Super soaker: Henri deluges Northeast after rare New England landfall
Residents and the mayor of Helmetta, New Jersey, tell AccuWeather that they were caught off-guard by the severity and speed of flash flooding from Henri.
Tropical Storm Henri prodded its way into the core of the Northeast after making landfall, slowing down to a swampy crawl and inundating the region with heavy rainfall into Monday.
By late Monday afternoon, Henri, which had been downgraded to a tropical depression, was slowly headed out to sea with a last round of rain for the Boston area and parts of New Hampshire.
The storm made landfall on Sunday in Westerly, Rhode Island, around 12:15 p.m. with sustained winds of 60 mph – tropical storm strength. Since then, the eighth-named storm of the year has been anything but in a hurry to work its way through Connecticut and Massachusetts, knocking out the power to over 115,000 customers at one point.
The bulk of Henri's heavy rain focused on the western side of the system, dousing New Jersey, Pennsylvania and New York while leaving some areas east of landfall, such as Massachusetts's areas of Cape Cod, Martha's Vineyard and Nantucket, relatively dry.
Even after being downgraded to a tropical depression on Sunday evening, Henri's heavy rainfall has triggered heavy flooding for many areas, particularly in New Jersey. Although the Garden State was spared from a direct strike, the soaking outer bands of the storm dumped as much as 8 inches of rain in some communities in the central portion of the state. According to The Associated Press, the intense flooding triggered the need for 86 water rescues in Newark, Public Safety Director Brian O'Hara said.
Before Henri's official arrival, the immense precipitation was already breaking records in places of New York. In New York City's Central Park, the daily maximum rainfall record was broken on Saturday after 4.45 inches of rain were recorded, most of which fell in a single two-hour period, the National Weather Service (NWS) said.
According to the New York City NWS, the 1.94 inches of rain that fell between 10 p.m. and 11 p.m. on Saturday made for the wettest hour in the history of the city. In total, Central Park tallied over 8 inches of rainfall from Henri.
The total damage and economic loss from Henri is estimated to be between $8 billion and $12 billion, according to AccuWeather Founder and CEO Dr. Joel N. Myers, who has been studying the economic impact of severe weather for more than 50 years.
Henri made landfall in the northeastern U.S. on Aug. 22 as a tropical storm, bringing strong winds and heavy rain that led to wind damage and flooding in many areas.
The storm was rated a 2 on the AccuWeather RealImpact™ Scale for Hurricanes in the United States due to the rainfall, damaging winds and storm surge it unleashed across New England.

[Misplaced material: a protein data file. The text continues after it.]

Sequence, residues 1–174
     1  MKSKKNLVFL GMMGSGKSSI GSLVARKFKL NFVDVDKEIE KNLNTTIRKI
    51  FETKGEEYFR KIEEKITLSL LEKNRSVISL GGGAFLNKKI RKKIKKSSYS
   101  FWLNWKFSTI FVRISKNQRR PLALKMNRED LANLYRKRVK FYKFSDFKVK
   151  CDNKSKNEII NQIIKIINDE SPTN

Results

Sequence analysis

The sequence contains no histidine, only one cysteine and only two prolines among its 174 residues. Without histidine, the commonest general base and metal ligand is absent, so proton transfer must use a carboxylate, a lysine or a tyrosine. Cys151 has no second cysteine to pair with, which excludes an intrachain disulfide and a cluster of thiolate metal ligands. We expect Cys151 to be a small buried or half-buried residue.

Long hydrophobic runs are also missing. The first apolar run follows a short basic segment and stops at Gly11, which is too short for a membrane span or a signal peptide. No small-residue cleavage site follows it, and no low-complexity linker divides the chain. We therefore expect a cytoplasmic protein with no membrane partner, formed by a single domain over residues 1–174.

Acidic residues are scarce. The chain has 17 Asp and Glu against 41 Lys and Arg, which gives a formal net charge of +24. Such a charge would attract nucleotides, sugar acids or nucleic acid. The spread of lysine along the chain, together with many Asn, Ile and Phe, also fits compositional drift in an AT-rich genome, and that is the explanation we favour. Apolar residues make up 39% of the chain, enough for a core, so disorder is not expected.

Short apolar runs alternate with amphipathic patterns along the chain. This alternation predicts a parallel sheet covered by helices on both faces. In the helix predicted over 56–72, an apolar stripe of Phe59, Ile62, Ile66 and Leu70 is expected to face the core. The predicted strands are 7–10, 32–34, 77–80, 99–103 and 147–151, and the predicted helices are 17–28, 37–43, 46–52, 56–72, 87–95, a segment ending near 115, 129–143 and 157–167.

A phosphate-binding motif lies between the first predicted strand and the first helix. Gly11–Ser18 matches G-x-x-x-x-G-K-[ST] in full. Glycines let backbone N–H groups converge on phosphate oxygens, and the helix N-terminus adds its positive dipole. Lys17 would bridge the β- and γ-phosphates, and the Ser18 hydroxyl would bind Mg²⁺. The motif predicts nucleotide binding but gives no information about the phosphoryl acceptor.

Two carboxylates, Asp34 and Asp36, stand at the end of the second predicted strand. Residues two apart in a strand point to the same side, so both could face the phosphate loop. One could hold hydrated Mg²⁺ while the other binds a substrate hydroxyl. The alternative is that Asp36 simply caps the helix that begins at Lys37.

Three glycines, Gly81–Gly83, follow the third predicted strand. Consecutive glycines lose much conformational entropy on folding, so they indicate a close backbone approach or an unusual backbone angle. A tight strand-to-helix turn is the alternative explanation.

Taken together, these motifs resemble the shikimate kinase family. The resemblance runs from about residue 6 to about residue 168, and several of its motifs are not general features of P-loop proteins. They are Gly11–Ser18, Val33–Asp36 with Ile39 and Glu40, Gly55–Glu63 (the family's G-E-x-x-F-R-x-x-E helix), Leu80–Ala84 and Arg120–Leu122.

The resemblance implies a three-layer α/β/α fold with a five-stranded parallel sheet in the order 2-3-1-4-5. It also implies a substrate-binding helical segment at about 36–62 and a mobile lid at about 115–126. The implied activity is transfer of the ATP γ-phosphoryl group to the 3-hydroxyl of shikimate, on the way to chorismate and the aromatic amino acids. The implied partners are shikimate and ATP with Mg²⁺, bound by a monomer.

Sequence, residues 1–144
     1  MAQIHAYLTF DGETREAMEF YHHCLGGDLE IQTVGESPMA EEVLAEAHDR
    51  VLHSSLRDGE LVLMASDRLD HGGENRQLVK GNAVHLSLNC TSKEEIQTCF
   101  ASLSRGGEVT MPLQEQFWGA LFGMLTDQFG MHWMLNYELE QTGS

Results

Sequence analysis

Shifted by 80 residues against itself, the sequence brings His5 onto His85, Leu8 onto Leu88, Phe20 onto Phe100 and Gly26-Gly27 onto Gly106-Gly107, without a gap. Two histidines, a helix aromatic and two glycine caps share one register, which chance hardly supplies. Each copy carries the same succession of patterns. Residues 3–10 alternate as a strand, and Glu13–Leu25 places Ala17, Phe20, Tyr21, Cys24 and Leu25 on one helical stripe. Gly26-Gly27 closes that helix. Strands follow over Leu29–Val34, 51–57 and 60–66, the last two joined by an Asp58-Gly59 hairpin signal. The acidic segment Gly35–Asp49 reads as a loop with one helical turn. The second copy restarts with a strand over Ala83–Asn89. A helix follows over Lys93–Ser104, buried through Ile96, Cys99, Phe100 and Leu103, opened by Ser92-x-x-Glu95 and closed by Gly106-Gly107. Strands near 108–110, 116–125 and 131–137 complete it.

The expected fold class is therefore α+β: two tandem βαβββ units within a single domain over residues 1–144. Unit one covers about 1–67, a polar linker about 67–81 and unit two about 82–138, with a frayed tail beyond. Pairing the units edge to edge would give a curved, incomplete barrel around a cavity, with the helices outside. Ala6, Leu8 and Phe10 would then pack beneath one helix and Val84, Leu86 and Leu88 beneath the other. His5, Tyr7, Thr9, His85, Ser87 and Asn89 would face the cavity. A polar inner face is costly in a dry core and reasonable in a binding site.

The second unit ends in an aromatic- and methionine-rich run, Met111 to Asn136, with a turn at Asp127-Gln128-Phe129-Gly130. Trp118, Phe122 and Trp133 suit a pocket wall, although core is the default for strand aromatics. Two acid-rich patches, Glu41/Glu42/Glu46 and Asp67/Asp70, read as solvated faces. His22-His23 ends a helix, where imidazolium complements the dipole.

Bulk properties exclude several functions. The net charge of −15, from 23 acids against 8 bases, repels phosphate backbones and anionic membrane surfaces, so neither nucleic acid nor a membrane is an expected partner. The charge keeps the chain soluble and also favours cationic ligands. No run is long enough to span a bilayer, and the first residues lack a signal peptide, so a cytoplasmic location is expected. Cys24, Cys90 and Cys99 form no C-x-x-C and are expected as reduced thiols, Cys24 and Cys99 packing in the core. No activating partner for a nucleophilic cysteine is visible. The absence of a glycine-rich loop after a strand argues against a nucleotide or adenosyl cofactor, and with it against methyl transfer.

In Long Island, AccuWeather National Reporter Kim Leoffler spoke with vacationers and beachgoers who made the last-minute decision to head home before Henri’s arrival. Although the area avoided a direct strike, the intense rain and storm surge warnings would’ve certainly ruined any plans on the itinerary.
“Whenever you get a storm like this with higher tide and a full moon, you’ll get debris coming in,” Glen Baietti, lieutenant lifeguard in East Hampton, told Leoffler. “You could get hit by a log, you could be hit by anything. This is for people who are well-practiced in the ocean, not for people who are on vacation or anything like that. Anyone could be quickly overwhelmed.”
A worker cleans the outside area of Four Boys Ice Cream store during the passing of Tropical Storm Henri in Jamesburg, N.J., Monday, Aug. 23, 2021. (AP Photo/Eduardo Munoz Alvarez)
Away from the beaches, the risk of flash flooding still posed a major threat to those on Long Island. Officials on Saturday issued a voluntary evacuation notice, while concerts and restaurants made the decision to close early on Saturday ahead of the storm.
Some vacationers in Charlestown, Rhode Island, were left in a predicament on Sunday as the storm rolled in, leaving them without power. Ellen Scully told AccuWeather's Bill Wadell that the power in her vacation home had gone out as Henri impacted the coast.
“It’s a little crazy. The house was shaking,” she said.
Amy Snow was also vacationing in Charlestown when the power went out.
"We’re doing a lot of reading and I guess we’ll go to bed early because it will be dark," she told Wadell.
A travel ban was implemented by Connecticut Gov. Ned Lamont, on Interstate 95 for all empty tractor-trailers, tandem tractor trailers and motorcycles that began at 11 a.m. EDT Sunday. That ban was lifted early Sunday evening.
In Pawcatuck, Connecticut, one couple experienced a dangerous run-in with Henri after the storm caused a tree to fall on their home. While the home's roof was not crushed, the chimney on the side of the house did get knocked out, Wadell reported.
As trees and power lines were toppled in New England, officials reminded residents to stay home and avoid downed power lines.
Parts of New Jersey had already experienced half a foot of rain by Sunday afternoon. Video from Englishtown, New Jersey, showed a line of cars driving straight through a flooded street, before a vehicle eventually stalls and becomes stranded.
Henri also ruined many plans for a day at the ballpark. On Sunday, the Boston Red Sox announced they were pushing their weekend home game against the Texas Rangers back a day to Monday. In addition, the series finale between the New York Yankees and Minnesota Twins was rescheduled to Sept. 13.
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